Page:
There certainly seems to be no question that Windows 8 isn't performing as Microsoft expected. Even its own branded Surface tablets are experiencing a slow adoption rate – so slow that Microsoft isn't releasing actual numbers. OEMs, retailers and market watchers generally see what's going on, hoping that some magical marketing formula will finally ignite some interest in the consumer market.
That spark in Windows 8 may rely on many factors. For one, cheaper prices enabled by possible lower licensing fees from Microsoft. A larger portfolio of touch-based solutions that won't break the consumer bank is another. Even more, consumers understanding that the desktop still exists may also boost adoption.
Sources claim that Microsoft has only sold around 1.5 million Surface units total since the Windows RT version launched in late October. They break down the numbers even further, explaining to Bloomberg that Microsoft has only sold just over 1 million Surface RT units – those based on the ARM architecture and Windows RT – since its debut. Microsoft originally ordered 3 million Surface RT units, and even expected to sell 2 million units in the December quarter alone.
But Microsoft's move to only offer the device through its Microsoft stores, which numbers just over 60, likely hampered sales in 4Q12 -- the company didn't open up sales to additional retail outlets until December. Market confusion could also play a part in poor sales, as consumers may simply not see a need to purchase a Windows-based tablet if it doesn't run their software. As for Surface Pro, the x86-based Windows 8 Pro tablet went on sale in early February, and has since only sold 400,000 units – a starting price of $900 for a tablet isn't exactly consumer friendly.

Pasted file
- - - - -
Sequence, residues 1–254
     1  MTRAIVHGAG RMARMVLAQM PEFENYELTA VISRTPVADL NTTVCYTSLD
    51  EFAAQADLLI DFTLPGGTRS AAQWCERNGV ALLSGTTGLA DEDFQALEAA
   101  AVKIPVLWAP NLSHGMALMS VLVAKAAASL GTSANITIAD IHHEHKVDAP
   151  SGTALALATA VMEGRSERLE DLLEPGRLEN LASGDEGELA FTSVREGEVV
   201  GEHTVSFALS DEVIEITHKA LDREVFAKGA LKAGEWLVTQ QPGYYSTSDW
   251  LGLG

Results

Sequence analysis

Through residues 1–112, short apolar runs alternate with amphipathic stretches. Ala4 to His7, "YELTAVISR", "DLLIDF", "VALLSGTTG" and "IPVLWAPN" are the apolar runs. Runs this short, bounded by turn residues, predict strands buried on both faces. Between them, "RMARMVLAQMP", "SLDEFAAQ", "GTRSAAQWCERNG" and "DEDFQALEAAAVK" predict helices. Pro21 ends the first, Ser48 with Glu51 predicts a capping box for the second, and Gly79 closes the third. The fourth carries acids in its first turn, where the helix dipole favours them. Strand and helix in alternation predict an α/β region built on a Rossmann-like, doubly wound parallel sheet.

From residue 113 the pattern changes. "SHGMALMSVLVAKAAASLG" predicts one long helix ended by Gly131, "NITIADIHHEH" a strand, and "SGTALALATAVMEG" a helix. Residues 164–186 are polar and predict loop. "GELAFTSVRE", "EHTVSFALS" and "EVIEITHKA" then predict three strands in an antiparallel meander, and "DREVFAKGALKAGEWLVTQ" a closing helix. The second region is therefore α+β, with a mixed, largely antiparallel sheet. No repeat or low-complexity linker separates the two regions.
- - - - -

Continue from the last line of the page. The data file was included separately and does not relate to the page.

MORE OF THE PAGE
There's speculation that a lack of applications in the Windows Store is hurting Surface sales as well, especially the Windows RT model. The Redmond company claims that more than 47,000 are currently available, yet there are more than 300,000 apps for iPad. Microsoft's storefront also lacks a number of heavy-hitting apps including Facebook although just this week Twitter launched its own standalone app for the new platform.
Overall this is not good news for Microsoft given it's the company's first direct attempt to tackle Apple and Google on the tablet front. "It’s pretty clear that things were bad entering the year, and at least for the moment they’re getting worse," said Alex Gauna, an analyst at JMP Securities LLC in San Francisco. "The path to a successful Surface, in the same way that they were successful with Xbox, is not very clear to me right now."
CNET claims that the number of Surface Pro units sold thus far is not a bad start. But in the quarter that ended in December, Apple sold 22.9 million iPads, and worldwide shipments reached 128.3 million units in 2012 alone. Facing a declining PC market which converts into lost revenue, Microsoft needs better Surface unit sales, plain and simple.
"The tide continues to go out on PC sales as consumers and emerging market users prefer tablets and smartphones to Windows based PCs," said Nomura Holdings Inc. analyst Rick Sherlund. "Windows 8 has failed to ebb the receding tide."